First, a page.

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Our Man Flint(1966)
When scientists use eco-terrorism to impose their will on the world by affecting extremes in the weather, Intelligence Chief Cramden calls in top agent Derek Flint.
For more about Our Man Flint and the Our Man Flint Blu-ray release, see Our Man Flint Blu-ray Review published by Jeffrey Kauffman on January 9, 2013 where this Blu-ray release scored 4.0 out of 5.
Starring: James Coburn, Lee J. Cobb, Gila Golan, Edward Mulhare, Rhys Williams, Sigrid Valdis
Director: Daniel Mann
» See full cast & crew
Our Man Flint Blu-ray Review
Climate change, circa 1966.
Reviewed by Jeffrey Kauffman, January 9, 2013
James Bond had been around for well over a decade in one form or another by the time Our Man Flint came out in early 1966. But so-called "Bond Mania" was a relatively recent phenomenon, nonetheless. Though Ian Fleming had introduced the world to the "shaken not stirred" superspy in 1952's Casino Royale, and a rather lackluster television adaptation of the novel aired soon thereafter, it wasn't until a decade later that the feature film franchise was born with Dr. No, and while both Dr. No and its follow up From Russia with Love were sizable hits, it really wasn't until 1964's Goldfinger that the world seemingly combusted overnight, obsessed with all things espionage related. Suddenly both television and films were awash in spy properties, both good and bad. Television, which had in fact flirted with espionage in such well regarded series as the British Danger Man starring Patrick McGoohan (known as Secret Agent on this side of the pond), things really took off after Goldfinger stormed the figurative beaches and within a year of the film's release we had everything from the good (The Man from U.N.C.L.E.) to the questionable (the retooled Burke's Law, which became Amos Burke, Secret Agent) on the small screen. Things were similarly varied on the big screen, with a glut of both high minded fare like The Spy Who Came in from the Cold to a bevy of satirical spoofs. The (no pun intended) funny thing about Our Man Flint, though, is how it kind of hewed a middle ground. The film in undeniably comic a lot of the time, but it isn't an out and out lampoon of Bond. In fact as the commentary by Eddie Friedfeld and Lee Pfeiffer states, Flint is actually an homage to the Bond films, often making fun of certain elements of not just the Bond franchise but of the whole spy genre, but done in an almost respectful, loving way.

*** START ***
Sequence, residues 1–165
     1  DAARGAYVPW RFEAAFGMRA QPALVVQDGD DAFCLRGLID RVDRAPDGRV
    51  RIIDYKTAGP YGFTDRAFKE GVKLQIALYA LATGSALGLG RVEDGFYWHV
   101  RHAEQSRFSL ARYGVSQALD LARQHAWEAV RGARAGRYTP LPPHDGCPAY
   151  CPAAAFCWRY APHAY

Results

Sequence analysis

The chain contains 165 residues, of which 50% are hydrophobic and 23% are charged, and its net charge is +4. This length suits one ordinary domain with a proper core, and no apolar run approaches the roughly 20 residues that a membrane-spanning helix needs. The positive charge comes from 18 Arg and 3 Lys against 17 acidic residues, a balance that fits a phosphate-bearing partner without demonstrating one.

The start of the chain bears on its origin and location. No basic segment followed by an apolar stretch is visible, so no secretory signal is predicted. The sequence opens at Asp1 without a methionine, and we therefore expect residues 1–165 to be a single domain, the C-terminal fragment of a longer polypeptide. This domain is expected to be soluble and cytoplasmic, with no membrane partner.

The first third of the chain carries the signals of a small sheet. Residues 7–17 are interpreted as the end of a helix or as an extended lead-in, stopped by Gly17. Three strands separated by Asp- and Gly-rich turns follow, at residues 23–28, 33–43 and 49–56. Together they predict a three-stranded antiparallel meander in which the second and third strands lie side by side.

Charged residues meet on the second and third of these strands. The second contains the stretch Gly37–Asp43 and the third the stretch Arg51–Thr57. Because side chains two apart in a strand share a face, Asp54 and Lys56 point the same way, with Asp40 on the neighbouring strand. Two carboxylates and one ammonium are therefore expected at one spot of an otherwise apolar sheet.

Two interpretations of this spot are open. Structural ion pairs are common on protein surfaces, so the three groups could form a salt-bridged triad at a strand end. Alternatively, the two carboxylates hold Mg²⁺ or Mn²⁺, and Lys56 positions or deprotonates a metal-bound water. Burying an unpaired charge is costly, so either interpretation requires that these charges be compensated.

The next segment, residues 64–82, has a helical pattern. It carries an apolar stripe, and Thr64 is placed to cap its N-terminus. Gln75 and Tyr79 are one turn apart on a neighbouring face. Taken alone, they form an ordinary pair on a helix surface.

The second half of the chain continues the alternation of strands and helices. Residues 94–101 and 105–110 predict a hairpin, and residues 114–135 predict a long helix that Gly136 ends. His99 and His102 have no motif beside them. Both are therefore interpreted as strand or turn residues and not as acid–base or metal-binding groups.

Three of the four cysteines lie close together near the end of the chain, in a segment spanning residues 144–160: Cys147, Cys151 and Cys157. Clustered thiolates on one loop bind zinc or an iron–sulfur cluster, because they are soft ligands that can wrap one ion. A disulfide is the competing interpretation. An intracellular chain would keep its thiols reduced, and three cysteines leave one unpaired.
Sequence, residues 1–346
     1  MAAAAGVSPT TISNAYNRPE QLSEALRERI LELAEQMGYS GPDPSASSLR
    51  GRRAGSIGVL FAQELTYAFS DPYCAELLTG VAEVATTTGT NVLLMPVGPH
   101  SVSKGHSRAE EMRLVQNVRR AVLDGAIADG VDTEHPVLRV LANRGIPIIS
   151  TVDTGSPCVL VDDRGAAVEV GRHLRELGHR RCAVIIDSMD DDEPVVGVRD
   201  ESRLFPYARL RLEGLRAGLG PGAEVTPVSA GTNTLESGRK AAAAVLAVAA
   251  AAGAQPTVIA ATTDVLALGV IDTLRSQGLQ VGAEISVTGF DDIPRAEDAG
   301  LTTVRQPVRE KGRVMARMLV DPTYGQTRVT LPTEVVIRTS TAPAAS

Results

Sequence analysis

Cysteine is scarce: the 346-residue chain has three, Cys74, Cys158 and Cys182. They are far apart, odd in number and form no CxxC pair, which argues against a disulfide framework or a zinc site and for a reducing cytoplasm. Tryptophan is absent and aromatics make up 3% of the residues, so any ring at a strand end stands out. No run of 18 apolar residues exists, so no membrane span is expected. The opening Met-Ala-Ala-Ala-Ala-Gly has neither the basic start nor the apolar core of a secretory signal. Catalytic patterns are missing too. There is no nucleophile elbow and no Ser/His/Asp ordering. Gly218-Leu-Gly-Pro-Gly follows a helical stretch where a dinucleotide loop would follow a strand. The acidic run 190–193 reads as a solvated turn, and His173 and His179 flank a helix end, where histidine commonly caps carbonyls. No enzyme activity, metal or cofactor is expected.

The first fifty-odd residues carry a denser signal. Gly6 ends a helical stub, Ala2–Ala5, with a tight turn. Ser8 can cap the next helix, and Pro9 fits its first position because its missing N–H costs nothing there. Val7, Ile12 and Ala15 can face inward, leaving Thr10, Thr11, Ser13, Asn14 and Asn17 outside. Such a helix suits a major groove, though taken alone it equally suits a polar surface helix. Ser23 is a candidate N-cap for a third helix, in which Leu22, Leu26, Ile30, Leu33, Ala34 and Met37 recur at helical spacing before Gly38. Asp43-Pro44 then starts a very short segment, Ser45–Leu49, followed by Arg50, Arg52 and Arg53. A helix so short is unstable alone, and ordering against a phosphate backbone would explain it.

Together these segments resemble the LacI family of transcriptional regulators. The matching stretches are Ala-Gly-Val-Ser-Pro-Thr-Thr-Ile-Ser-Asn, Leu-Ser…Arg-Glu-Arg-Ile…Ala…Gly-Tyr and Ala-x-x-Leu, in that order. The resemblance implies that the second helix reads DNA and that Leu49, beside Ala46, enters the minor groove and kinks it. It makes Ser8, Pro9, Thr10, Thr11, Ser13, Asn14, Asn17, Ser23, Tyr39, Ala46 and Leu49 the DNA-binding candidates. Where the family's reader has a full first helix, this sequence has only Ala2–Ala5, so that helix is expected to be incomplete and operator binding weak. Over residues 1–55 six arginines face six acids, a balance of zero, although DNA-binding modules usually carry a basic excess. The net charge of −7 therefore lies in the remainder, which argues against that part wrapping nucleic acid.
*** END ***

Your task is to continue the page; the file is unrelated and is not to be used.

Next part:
James Coburn portrays Derek Flint, a rather Bondian superspy who is an expert in martial arts, speaks several languages fluently, is inerrantly suave with the ladies and also is no slouch when it comes to the latest high tech gadgetry, much of which fills his expansive New York apartment. Flint is also the bane of the existence of Lloyd Cramden (Lee J. Cobb), the head of the Zonal Organization for World Intelligence and Espionage (that's ZOWIE for you acronym lovers). ZOWIE is attempting to confront the (literal) machinations of three mad scientists who have begun tinkering with the world's climate, making our current day global warming seem like a pleasant picnic. Unfortunately everyone ZOWIE has sent to confront these madmen has not made it out alive, and Cramden is forced to deal with the now retired Flint, a man Cramden can't stand since Flint does not follow protocol.
There are some gentle jabs at the Bond way of doing things as Flint is tugged back into ZOWIE's lair, including one of the film's highlights, a great scene where Cramden shows Flint all the latest superspy gizmos that can help Flint out in his task of bringing the evil organization known as Galaxy to justice. Flint has his own particular gadgetry at his beck and call, however, delivering one of the film's best punch lines which won't be spoiled for you here.
The rest of Our Man Flint is a mad, at times almost psychedelic, romp as Flint deals with this film's version of Pussy Galore, a gorgeous woman named Gila (Gila Golan, a former Miss Israel). Flint's four live in "playmates" (hey, it was the sixties) also figure prominently (pun intended) into the plot, especially toward the end of the film when Flint invades Galaxy's headquarters. Also on hand are some great character actors, including an effete Edward Mulhare (soon to be the Ghost in the television version of The Ghost and Mrs. Muir) and Benson Fong. Trivia lovers will also spot Hogan's Heroes regular (and future Mrs. Bob Crane) Sigrid Valdis as one of Flint's girlfriends, and a rather eclectic group of performers turn up in various bits, including everyone from future Russ Meyer protégé Tura Satana to future Mr. Barbra Streisand James Brolin.